The Arkansas Democrat-Gazette's Jeannie Roberts explored every cranny
of the murky legal situation pertaining to the recent marriage of a member of a state governing body to a high official of the agency she governs.
Nobody in officialdom has a definitive answer on what the law says about Corrections Board member Mary Parker's
October marriage to Dale Reed,
the No. 2 man in the state Correction Department.
Lou Holtz has an answer. Do right.
Mary Parker should resign.
It is not a commentary on her long service to corrections. It is not a commentary on Reed's long service. It is not a commentary on Corrections Director Wendy Kelley's appointment of Reed to the No. 2 position.
The relationship simply presents the obvious appearance of a conflict of interest, no matter how often Parker does or does not abstain from votes on specific Corrections matters.
Parker, who's served on the board since 1993, was reappointed by Gov. Mike Beebe
in 2010 to serve through the end of 2016.
Time for early retirement. Thanks to Parker for her service. Running one of the biggest state agency's should not be seen by those on the outside to be a family affair. Particularly not given the historic clubishness that long dominated Arkansas prison operations.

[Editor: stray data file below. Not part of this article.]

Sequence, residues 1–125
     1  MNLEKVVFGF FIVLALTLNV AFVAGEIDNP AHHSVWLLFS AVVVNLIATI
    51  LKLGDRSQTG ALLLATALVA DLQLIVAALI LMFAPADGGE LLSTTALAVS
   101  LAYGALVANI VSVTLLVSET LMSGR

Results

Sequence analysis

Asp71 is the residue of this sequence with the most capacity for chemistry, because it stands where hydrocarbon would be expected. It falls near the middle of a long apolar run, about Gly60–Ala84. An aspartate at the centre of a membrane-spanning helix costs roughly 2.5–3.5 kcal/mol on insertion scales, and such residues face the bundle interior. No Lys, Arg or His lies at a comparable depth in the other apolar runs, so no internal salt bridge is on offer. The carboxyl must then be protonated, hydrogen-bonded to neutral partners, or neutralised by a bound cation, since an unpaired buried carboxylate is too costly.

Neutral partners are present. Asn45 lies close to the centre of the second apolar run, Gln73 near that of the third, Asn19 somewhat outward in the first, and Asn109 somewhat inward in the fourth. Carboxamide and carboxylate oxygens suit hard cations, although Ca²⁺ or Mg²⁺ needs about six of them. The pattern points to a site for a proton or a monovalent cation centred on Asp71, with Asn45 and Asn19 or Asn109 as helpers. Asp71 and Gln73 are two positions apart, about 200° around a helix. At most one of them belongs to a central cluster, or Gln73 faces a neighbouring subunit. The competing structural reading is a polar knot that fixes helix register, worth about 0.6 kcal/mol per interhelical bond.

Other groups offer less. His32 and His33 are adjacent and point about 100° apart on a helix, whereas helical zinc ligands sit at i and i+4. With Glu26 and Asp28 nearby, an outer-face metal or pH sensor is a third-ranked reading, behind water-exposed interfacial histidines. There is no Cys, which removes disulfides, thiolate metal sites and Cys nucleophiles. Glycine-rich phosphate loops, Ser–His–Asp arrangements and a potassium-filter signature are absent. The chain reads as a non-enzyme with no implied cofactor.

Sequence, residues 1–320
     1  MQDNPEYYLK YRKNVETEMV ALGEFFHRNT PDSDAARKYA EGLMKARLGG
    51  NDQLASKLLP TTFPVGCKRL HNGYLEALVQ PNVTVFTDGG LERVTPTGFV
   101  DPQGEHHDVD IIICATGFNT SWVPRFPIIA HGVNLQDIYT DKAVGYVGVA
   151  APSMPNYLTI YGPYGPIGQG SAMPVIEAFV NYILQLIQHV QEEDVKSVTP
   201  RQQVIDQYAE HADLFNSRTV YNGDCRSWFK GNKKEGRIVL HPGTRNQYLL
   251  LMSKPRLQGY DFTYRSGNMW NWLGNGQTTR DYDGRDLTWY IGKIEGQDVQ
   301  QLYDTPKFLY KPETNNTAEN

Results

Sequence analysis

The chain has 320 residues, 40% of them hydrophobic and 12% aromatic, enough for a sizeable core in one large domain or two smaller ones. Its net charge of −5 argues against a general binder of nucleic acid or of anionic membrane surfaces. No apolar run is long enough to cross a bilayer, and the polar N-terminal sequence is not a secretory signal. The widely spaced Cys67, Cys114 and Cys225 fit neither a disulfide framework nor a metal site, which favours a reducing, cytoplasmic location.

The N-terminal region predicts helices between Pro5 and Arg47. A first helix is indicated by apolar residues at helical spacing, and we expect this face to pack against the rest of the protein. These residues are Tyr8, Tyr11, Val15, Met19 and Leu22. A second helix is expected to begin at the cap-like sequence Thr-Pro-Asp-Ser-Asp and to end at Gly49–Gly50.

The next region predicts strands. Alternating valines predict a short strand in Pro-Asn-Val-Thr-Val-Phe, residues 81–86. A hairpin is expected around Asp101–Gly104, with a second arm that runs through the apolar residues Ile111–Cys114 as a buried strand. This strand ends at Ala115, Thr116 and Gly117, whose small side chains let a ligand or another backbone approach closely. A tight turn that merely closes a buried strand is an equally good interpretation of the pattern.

PS IN RESPONSE TO READER COMMENT: Note that Parker serves in an unpaid, appointed position. Reed is a full-time employee of the Correction Department.
UPDATE: Mara Leveritt, who's devoted a significant amount of her career in journalism writing about the prisons and inmates, contributes this interesting tidbit relative to Mary Parker and conflicts of interest:
Schools around the country have been having students in criminal justice classes study the West Memphis case for years. For instance, last week I spoke at a school in Indiana that had spent a semester on it. I tried for years to get Dr. Parker to explain why she was not assigning students in her criminal justice course at UALR to study it. In fact, two students told me that they proposed writing papers about it for her class and she discouraged it. When I questioned faculty at other universities about this practice, they said that their policies were to encourage faculty members to engage in civic affairs, participate on boards, etc. However, they were not to do that if the position put their students at any disadvantage or denied them and educational opportunity. When I contacted Dr. Parker to ask about her criminal justice program's apparent lack of interest in the most high-profile criminal case in Arkansas, she told me it would be a conflict of interest for her to respond because she did not comment on cases involving the Department of Correction.